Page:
I've used it on the two nipples on the side of the X-table, I believe one feeds oil to the X-screw and sliding surfaces for the X-table, the other feeds oil to the Z-axis sliding surfaces. I got free flowing air pretty fast when I blew them out anyway and out of the black looking oil glass, but I guess who knows what crud is in there.

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    Singer has inexpensive replacement 20mm oil eyes, you should probably order a couple of these.
    Olschauglas, Olauge D2 z.B. fur Deckel Frasmaschine | eBay

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    I was wondering how the oil sight glasses were replaced, based on your threads images, removal looked destructive.

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    That's why you need replacement glasses........
    Not expensive and best solution....Cleaning the originals is generally not very rewarding.
    Cheers Ross

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    Quote Originally Posted by DennisCA View Post
    I was wondering how the oil sight glasses were replaced, based on your threads images, removal looked destructive.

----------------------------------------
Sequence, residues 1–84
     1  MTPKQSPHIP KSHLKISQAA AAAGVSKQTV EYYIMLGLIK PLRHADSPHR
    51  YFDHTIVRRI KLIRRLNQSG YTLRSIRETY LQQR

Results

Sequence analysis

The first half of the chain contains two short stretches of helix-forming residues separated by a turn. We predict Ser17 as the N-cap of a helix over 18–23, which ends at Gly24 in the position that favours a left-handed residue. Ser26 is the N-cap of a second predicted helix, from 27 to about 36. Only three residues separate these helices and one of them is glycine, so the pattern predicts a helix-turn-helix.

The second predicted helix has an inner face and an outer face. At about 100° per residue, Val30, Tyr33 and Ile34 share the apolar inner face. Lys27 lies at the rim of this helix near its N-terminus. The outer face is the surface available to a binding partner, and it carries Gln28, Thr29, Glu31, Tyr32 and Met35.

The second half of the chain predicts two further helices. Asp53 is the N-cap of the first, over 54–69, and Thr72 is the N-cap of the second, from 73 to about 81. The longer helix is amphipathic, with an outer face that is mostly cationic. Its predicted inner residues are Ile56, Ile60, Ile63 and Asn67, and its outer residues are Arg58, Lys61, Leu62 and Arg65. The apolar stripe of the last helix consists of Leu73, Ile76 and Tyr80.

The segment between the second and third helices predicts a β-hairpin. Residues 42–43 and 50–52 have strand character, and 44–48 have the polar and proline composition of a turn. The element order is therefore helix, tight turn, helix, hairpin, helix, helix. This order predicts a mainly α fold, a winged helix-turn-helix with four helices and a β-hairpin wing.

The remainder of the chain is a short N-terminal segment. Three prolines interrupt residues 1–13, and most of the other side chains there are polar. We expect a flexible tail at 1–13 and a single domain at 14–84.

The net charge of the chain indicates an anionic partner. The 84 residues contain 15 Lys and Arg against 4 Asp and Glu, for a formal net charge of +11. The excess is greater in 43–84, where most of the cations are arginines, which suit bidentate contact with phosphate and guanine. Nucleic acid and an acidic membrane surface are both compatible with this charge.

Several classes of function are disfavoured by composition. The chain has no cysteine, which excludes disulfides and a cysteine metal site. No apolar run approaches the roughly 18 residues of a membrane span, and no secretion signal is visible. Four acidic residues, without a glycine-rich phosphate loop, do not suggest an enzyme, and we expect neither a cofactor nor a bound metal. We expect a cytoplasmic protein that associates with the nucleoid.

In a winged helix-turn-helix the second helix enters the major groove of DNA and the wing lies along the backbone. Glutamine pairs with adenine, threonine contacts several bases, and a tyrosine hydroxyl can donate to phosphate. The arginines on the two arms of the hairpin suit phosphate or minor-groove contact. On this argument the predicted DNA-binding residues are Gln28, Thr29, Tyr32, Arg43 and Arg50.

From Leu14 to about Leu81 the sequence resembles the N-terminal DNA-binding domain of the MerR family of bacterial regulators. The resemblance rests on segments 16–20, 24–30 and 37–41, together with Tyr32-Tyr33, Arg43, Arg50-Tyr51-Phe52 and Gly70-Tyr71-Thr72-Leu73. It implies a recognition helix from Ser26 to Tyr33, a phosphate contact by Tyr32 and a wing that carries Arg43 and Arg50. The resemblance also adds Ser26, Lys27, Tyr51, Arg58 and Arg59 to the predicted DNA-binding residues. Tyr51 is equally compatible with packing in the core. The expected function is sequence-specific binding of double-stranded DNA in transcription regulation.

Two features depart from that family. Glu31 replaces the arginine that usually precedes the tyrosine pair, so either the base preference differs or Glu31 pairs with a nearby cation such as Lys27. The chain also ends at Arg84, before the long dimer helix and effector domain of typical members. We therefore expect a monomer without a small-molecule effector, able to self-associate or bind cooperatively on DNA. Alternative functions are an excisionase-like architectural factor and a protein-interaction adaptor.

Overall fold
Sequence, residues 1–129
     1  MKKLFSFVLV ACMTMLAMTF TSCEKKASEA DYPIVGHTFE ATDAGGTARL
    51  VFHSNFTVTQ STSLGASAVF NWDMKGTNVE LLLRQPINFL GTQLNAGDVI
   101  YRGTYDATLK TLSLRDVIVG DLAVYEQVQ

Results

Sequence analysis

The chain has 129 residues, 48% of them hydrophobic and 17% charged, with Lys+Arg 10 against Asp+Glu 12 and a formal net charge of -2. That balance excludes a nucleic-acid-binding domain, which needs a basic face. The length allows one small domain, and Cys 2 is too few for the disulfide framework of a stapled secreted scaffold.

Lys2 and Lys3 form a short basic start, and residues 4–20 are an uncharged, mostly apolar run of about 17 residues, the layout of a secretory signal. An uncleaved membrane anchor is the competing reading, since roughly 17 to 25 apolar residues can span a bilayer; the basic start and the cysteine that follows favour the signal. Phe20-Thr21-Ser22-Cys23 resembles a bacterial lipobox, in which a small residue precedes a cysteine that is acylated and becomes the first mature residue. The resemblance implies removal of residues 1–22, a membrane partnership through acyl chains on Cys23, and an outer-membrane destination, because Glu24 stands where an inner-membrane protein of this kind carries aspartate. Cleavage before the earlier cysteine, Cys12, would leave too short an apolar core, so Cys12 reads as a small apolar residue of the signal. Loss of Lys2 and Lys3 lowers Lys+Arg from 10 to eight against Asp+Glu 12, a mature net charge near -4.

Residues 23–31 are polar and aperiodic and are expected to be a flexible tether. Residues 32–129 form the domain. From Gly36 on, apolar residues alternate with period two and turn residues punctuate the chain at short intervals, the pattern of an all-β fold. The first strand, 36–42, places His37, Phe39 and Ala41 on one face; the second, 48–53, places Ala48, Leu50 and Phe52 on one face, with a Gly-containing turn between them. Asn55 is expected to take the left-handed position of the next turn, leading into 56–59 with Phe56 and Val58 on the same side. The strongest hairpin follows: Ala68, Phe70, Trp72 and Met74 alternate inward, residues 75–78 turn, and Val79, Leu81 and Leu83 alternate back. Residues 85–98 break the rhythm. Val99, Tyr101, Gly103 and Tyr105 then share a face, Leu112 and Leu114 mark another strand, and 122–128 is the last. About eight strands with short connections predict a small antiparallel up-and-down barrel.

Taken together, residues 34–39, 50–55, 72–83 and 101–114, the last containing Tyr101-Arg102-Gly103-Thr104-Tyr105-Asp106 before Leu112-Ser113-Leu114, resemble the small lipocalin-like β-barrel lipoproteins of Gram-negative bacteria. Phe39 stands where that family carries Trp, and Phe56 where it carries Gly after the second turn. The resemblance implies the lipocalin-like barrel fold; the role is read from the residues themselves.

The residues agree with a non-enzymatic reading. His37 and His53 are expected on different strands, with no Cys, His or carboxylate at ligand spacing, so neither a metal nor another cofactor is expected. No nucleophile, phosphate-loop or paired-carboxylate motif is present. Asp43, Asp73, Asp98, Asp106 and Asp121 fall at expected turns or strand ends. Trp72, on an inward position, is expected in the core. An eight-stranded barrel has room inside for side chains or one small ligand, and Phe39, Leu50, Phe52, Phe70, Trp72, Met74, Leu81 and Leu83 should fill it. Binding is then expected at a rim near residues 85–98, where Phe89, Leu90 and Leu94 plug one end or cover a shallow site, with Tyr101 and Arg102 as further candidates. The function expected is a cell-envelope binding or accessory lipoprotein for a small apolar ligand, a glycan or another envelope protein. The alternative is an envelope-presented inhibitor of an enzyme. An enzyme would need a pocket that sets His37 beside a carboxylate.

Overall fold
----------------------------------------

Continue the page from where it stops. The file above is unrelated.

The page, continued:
On my 1964 machine the oil sight glasses were exactly that: glass. And yes, the way I removed them was destructive: I broke them out. With sufficient effort it may be possible to remove these glass originals, to clean them, and to re-use them, but I don't see the point. The plastic replacements are inexpensive, look nice, and work well. Some additional information about replacement parts available from Elesa and Kipp is given in this thread and in this thread.

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    Yes I just thought it was a shame to break them anyway...

    I am not getting anything done recently due to being sick... I figure I should ask before I do anything, but glass bead blasting, OK on machine parts? I assume you want it away from any precision surfaces. But I have a small blasting cabinet and glass media I was thinking I'd bring home to clean and freshen up some parts.

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    Quote Originally Posted by DennisCA View Post
    Yes I just thought it was a shame to break them anyway...

    I am not getting anything done recently due to being sick... I figure I should ask before I do anything, but glass bead blasting, OK on machine parts? I assume you want it away from any precision surfaces. But I have a small blasting cabinet and glass media I was thinking I'd bring home to clean and freshen up some parts.